The green tapes of this invention can be formed by a continuous papermaking process and are typically stronger and more flexible than green bodies formed by prior art methods, particularly when wet. The coated or impregnated tapes can be stored in the unfired state and can subsequently be stacked or wound to build up multilayer, three dimensional shapes such as laminates, tubes and honeycombs. Because of their tacky surface, they can be used to form multilayer structures without a separate step for applying an adhesive. Since a significant amount of the adhesive is also converted to a ceramic, a denser product is obtained than would be possible without the use of the adhesive. When forming laminates, the composition of the tapes used to form the layers can be the same or different. After stacking, the layers are pressed, with or without heating, and fired to consolidate the material to a ceramic by standard methods. Ceramics formed by this method can be used to prepare capacitors, heat-exchangers, filters, and catalyst supports.

EXAMPLE 1

A dispersion is prepared by mixing 48 g of walnut shell flour, 145.5 g of an alumina dispersion (69% solids in water), 640 g of a wood pulp dispersion (2.5% solids, white hardwood bleached kraft), and sufficient water to dilute the mixture to 16 liters. After transferring a 2 liter portion of this dispersion to a glass jar and a second dilution to 3 liters, the dispersion is flocced by first adding 6 ml of a solution of KYMENEŽ 2064 cationic synthetic resin (Hercules Incorporated) (3.75% solids in water), followed by 95 g of an aqueous solution of RETENŽ 235 anionic synthetic resin supplied by Hercules Incorporated (0.125% solids) until the supernatant becomes clear and a cottony floc is formed. An 8"×8" sheet is formed from the flocced dispersion on a Noble and Wood handsheet machine. A 100 mesh stainless steel papermaking screen is used to form the sheet. The drainage of the sheet is rapid (approximately 10 seconds), and paper formation is good. The sheet is then wet pressed and dried. Five additional handsheets are formed from the dispersion using an identical procedure. Calculations based on the weight of the sheet show that retention of the alumina and the organic filler is greater than 95%.

Six squares of the alumina paper (2.5"×2.5") are soaked in a solution consisting of 79% polydimethylsiloxane (7.5% vinyl-methyl copolymer supplied by Petrarch Systems, Inc.), 1% dicumyl peroxide, and 20% 1,1,1-trichloroethane. The squares are then air dried for 24 hours to remove the solvent. Once dried, a six layer laminate is stacked and pressed by hand.

The laminate is pressed at 1,000 p.s.i. (150° C.) for one hour on a Carver Laboratory Press to cure the siloxane polymer. One-sixteenth inch shims are used to control the thickness of the pressed laminates. Curing is continued without pressure in a 125° C. oven for an additional 16 hours.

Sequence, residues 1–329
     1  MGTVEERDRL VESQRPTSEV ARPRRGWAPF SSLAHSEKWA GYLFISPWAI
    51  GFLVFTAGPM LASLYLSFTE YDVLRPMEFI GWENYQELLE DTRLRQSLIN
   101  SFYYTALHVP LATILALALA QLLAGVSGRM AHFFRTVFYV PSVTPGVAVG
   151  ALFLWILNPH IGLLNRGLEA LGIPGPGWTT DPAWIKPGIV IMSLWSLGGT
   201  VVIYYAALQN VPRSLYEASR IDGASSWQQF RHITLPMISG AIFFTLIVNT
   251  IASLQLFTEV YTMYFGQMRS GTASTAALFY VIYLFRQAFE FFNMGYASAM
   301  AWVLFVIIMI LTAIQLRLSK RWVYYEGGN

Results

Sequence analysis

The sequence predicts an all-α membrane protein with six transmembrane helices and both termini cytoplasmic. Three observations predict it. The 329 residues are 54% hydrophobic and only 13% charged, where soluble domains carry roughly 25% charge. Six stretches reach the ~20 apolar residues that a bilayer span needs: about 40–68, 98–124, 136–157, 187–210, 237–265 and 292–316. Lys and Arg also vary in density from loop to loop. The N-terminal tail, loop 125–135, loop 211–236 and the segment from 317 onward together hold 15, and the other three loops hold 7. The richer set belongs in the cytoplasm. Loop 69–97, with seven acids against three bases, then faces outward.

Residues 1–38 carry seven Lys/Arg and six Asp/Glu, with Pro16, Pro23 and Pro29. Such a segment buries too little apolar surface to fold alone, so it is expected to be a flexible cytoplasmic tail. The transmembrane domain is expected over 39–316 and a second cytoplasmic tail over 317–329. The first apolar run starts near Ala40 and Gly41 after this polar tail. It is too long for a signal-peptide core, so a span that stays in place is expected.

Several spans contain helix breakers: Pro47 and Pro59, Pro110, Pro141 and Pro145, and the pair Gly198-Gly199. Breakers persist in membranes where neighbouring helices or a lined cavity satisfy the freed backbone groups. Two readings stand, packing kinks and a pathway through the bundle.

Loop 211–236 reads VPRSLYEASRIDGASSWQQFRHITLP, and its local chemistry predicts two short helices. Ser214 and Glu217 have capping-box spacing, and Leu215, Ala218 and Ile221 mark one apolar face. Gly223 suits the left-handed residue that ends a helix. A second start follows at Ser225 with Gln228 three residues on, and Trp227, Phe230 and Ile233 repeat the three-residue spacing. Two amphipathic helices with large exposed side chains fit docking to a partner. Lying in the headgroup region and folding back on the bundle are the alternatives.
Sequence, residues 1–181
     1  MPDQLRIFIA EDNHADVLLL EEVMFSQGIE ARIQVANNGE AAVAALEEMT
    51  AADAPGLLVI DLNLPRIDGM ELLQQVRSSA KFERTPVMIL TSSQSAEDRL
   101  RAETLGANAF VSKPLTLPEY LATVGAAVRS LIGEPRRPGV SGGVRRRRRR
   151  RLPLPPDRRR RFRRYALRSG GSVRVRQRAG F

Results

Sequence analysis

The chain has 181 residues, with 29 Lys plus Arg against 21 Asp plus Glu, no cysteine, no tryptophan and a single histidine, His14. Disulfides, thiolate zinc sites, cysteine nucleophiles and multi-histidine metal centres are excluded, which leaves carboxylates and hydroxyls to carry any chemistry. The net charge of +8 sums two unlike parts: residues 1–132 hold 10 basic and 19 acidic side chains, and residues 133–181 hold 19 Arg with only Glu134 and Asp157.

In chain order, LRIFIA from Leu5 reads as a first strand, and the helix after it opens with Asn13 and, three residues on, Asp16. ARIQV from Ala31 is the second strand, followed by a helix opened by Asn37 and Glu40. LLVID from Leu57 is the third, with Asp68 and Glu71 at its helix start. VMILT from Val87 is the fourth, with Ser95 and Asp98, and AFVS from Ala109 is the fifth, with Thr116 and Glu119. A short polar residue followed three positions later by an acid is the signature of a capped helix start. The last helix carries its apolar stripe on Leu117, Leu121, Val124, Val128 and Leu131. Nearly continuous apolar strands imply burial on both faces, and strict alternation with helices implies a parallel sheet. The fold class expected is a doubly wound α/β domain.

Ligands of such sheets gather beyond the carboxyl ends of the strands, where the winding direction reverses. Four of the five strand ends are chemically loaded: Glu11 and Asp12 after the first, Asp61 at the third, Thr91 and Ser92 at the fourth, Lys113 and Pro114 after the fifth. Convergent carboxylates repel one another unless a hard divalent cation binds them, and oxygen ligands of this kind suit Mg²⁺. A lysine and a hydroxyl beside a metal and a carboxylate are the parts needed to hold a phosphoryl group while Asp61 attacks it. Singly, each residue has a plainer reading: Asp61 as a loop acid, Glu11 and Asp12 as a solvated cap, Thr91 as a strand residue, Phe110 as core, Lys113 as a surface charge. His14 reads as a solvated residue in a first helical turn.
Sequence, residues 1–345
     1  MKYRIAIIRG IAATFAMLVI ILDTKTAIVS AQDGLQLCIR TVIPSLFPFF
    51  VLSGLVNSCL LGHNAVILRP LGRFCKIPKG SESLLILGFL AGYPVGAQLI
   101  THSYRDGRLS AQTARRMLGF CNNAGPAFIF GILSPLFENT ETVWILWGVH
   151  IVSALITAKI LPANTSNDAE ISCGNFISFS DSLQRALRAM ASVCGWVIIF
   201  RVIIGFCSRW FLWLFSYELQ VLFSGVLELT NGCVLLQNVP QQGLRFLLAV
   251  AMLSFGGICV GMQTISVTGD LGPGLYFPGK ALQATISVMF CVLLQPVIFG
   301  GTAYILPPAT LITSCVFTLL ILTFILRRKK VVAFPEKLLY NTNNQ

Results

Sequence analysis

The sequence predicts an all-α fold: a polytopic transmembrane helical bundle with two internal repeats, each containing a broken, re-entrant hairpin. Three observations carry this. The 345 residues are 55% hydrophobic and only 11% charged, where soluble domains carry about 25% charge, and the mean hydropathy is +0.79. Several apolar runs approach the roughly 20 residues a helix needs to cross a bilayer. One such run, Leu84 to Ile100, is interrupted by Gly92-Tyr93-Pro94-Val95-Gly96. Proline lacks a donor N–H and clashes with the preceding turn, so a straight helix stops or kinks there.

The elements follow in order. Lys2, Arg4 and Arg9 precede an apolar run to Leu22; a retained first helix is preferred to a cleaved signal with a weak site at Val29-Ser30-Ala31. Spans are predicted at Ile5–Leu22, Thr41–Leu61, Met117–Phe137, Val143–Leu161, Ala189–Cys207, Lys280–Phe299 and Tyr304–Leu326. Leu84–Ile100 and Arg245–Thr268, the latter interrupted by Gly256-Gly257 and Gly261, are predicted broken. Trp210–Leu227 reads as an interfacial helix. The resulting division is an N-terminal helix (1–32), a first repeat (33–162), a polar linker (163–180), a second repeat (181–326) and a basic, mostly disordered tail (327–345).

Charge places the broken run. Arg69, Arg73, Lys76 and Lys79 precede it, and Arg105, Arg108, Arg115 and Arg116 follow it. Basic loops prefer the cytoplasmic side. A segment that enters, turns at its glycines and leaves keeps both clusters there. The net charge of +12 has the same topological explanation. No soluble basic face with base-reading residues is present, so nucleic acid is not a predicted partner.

The dried laminate is fired in air according to the schedule shown below.

60° C./hour, room temperature to 200° C.

10° C./hour, 200° C. to 400° C.

60° C./hour, 400° C. to 800° C.

120° C./hour, 800° C. to 1400° C.

Hold at 1400° C. for 4 hours

Cool to room temperature

A ceramic body having a density of 1.72 g/cc is formed from the laminate.

EXAMPLE 2

Silicon nitride (37.67 g), 1.67 g of yttrium oxide, 0.83 g of alumina and 0.125 g of sodium tripolyphosphate are dispersed in 500 ml of distilled water using a Waring Blendor. After transferring the dispersion to a 1 gallon (3.8 liters) jar, 10.00 g of wood pulp are added as a dilute dispersion in distilled water (approximately 2.5% solids). Distilled water is added to raise the solution level to 3 liters. The dispersion is flocced by first adding unactivated KYMENEŽ 2064 cationic synthetic resin supplied by Hercules Incorporated (6.48 g of a 19.3% solids solution) to the dispersion, followed by adding an aqueous solution of carboxymethyl cellulose (CMC) type 7-H, supplied by The Aqualon Group (1.0% solids) until the supernatant becomes clear. Typically, 79.2 g of the CMC solution are required. Three 8"×8" sheets are formed from 1000 ml aliquots of this dispersion on a Noble and Wood handsheet machine. A 100 mesh stainless steel papermaking screen is used. The drainage of water from the flocced dispersion is rapid (14 seconds). Paper formation is good. Each sheet is then wet pressed and dried. Calculations based on the weight of the paper show greater than 95% inorganic powder retention.

Each sheet of silicon nitride paper is pressed at 6,000 psi using a Carver Laboratory Press. The pressed samples are then cut into 1"×3" strips.